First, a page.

this led to an uneasy relationship with ICAIC higher-ups, too. “It wasn’t a
bed of roses; there were arguments there, too. We—the troubadours—were really
very incendiary at that time.…”

Looking back,
Silvio now observes: “I imagine that the ideological battle that ICAIC was
carrying out at higher levels was sufficiently delicate that an uncontrollable
element such as we were could easily break up the precarious balance that had
been established. Over time I came to realize this, but at that moment I was
blind with rage.”

They were a
“wild bunch,” these artists who were refugees from the over-zealousness of
those who wanted to ban anything they believed would undermine the formation
of a revolutionary Cuban culture. Yet these cultural rebels remained firmly
committed to revolutionary ideals.

to the Revolution

It seems
astounding that Silvio, Leo Brower, and other ardent young revolutionary
musicians and artists of that time were able to see beyond the human errors
that so profoundly affected their lives, and continue to support the work of
the revolution. Probably one of the reasons they were able to do so is that
they saw beyond the individual to the process. When asked who was leading that
dogmatic and intolerant current, Silvio replied: “I think it was a lot of
people, actually. You could remember the names of those who led this or that
agency or organization, but it seems to me that the trend went beyond
individual leaders. When you don’t like something, it’s always easiest to just
eliminate it, to get it out of your sight, without analyzing why you don’t
like it, or whether or not you’re right.”

He added, “I
think that it was in part a phenomenon that was riding the tail of that
revolutionary euphoria of the sixties, fed by the enormous necessity the
Revolution had to defend itself at that time, and by the unquestionable
reality of the harassment and attacks we [the Cuban revolution] were facing
then. All this was mixed together.”

The singer did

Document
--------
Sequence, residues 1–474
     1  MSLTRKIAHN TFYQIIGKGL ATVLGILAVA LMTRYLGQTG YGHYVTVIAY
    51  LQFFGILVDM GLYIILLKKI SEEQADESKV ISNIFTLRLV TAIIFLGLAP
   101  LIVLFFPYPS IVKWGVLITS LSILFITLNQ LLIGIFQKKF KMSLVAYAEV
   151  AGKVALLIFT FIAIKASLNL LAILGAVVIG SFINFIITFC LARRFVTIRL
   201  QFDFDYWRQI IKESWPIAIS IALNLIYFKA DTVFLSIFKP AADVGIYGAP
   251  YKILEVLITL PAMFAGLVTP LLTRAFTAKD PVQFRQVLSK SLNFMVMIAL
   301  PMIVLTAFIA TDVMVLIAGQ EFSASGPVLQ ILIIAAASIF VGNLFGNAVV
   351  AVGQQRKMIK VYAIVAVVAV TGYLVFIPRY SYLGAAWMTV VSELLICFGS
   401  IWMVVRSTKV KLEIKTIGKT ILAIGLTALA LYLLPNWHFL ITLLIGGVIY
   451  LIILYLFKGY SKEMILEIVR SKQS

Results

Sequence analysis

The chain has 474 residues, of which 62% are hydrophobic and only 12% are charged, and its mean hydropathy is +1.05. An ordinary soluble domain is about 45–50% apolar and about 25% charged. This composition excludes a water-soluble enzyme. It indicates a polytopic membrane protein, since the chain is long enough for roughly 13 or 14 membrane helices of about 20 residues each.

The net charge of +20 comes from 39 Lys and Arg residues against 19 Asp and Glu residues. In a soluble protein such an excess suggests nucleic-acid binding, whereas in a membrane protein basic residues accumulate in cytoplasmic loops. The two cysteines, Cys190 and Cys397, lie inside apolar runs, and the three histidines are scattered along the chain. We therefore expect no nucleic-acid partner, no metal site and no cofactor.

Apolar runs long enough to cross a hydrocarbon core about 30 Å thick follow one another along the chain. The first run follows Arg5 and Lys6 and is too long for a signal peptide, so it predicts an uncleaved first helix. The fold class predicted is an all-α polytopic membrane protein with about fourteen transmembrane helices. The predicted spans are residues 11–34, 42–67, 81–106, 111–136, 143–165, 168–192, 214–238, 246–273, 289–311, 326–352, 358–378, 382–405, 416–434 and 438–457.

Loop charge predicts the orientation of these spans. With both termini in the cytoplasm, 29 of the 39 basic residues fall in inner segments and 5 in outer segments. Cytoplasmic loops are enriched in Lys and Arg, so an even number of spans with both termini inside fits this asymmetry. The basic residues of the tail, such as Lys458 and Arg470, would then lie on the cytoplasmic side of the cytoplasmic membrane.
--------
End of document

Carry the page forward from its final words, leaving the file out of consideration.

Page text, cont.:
not dispute his interviewer’s contention that it also had to do with
opportunism on the part of some people, but he felt it was more than that,
involving immaturity, lack of perspective, and the ease with which some could
manipulate the revolutionary fervor of the moment. He said, “I think that it
all stems from a too-rigid interpretation of what society is, what socialism
is, and what a socialist society is. It’s a kind of Puritanism that at its
base is very hypocritical, because it says ‘Do as I say, not as I do.’ And
it’s an abuse of power by those in a position to determine that things should
be done one way rather than another, just because they say so.”

Relating the
“outlawing” of rock music to other aberrations, such as cutting off long hair,
or organizing groups who threw stones and tomatoes at the homes of those
leaving during the Mariel exodus, Silvio reflected that the manipulation of
crowds to engage in such thoughtless acts “was a mistake, a conceptual error—
though I never thought it was done in bad faith.” Silvio and others like him
held their ground through all this, refusing to perform in places that engaged
in behaviors such as forcibly cutting hair or bell-bottom trousers of students
(as occurred at the medical school and polytechnic institute) until better
minds prevailed and those absurd policies were abandoned. He added, “It was
giving free reign to feelings that were not the best, not the most humane, not
the most altruistic, that showed little sense of solidarity and were not the
most dignified expressions of human sentiment. They would not have been
supported by Marti or Ché.” Current leaders like Fidel, who might also have